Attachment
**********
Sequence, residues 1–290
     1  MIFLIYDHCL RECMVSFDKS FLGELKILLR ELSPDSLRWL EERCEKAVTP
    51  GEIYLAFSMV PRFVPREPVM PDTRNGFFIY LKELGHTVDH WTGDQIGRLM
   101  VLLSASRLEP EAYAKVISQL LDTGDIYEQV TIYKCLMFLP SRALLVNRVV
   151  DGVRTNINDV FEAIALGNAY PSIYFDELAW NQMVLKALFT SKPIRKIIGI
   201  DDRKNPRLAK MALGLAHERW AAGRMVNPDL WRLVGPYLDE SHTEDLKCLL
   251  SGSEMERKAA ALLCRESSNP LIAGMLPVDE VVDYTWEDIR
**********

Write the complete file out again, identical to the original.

Sequence, residues 1–290
     1  MIFLIYDHCL RECMVSFDKS FLGELKILLR ELSPDSLRWL EERCEKAVTP
    51  GEIYLAFSMV PRFVPREPVM PDTRNGFFIY LKELGHTVDH WTGDQIGRLM
   101  VLLSASRLEP EAYAKVISQL LDTGDIYEQV TIYKCLMFLP SRALLVNRVV
   151  DGVRTNINDV FEAIALGNAY PSIYFDELAW NQMVLKALFT SKPIRKIIGI
   201  DDRKNPRLAK MALGLAHERW AAGRMVNPDL WRLVGPYLDE SHTEDLKCLL
   251  SGSEMERKAA ALLCRESSNP LIAGMLPVDE VVDYTWEDIR